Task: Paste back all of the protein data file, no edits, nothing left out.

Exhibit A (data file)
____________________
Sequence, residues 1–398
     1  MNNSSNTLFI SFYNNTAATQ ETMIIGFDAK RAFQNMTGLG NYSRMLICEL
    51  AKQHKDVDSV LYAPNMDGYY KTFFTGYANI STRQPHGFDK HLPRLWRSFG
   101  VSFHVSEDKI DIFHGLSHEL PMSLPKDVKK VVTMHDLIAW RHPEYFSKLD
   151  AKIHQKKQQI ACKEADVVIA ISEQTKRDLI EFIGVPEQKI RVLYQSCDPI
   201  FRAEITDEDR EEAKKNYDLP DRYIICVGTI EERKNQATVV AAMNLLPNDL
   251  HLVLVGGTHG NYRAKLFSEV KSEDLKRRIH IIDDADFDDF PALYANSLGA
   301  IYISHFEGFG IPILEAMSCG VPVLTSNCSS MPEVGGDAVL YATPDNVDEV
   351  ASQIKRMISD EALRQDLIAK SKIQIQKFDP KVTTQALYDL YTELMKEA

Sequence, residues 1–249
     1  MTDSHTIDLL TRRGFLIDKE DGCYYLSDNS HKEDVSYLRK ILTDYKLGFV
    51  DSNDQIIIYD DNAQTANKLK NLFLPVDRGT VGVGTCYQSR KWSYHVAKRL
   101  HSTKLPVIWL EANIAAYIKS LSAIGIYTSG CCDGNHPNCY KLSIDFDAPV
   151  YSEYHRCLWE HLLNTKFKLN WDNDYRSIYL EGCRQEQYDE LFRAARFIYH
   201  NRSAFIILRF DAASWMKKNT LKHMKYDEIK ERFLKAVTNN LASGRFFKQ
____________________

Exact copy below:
Sequence, residues 1–398
     1  MNNSSNTLFI SFYNNTAATQ ETMIIGFDAK RAFQNMTGLG NYSRMLICEL
    51  AKQHKDVDSV LYAPNMDGYY KTFFTGYANI STRQPHGFDK HLPRLWRSFG
   101  VSFHVSEDKI DIFHGLSHEL PMSLPKDVKK VVTMHDLIAW RHPEYFSKLD
   151  AKIHQKKQQI ACKEADVVIA ISEQTKRDLI EFIGVPEQKI RVLYQSCDPI
   201  FRAEITDEDR EEAKKNYDLP DRYIICVGTI EERKNQATVV AAMNLLPNDL
   251  HLVLVGGTHG NYRAKLFSEV KSEDLKRRIH IIDDADFDDF PALYANSLGA
   301  IYISHFEGFG IPILEAMSCG VPVLTSNCSS MPEVGGDAVL YATPDNVDEV
   351  ASQIKRMISD EALRQDLIAK SKIQIQKFDP KVTTQALYDL YTELMKEA

Sequence, residues 1–249
     1  MTDSHTIDLL TRRGFLIDKE DGCYYLSDNS HKEDVSYLRK ILTDYKLGFV
    51  DSNDQIIIYD DNAQTANKLK NLFLPVDRGT VGVGTCYQSR KWSYHVAKRL
   101  HSTKLPVIWL EANIAAYIKS LSAIGIYTSG CCDGNHPNCY KLSIDFDAPV
   151  YSEYHRCLWE HLLNTKFKLN WDNDYRSIYL EGCRQEQYDE LFRAARFIYH
   201  NRSAFIILRF DAASWMKKNT LKHMKYDEIK ERFLKAVTNN LASGRFFKQ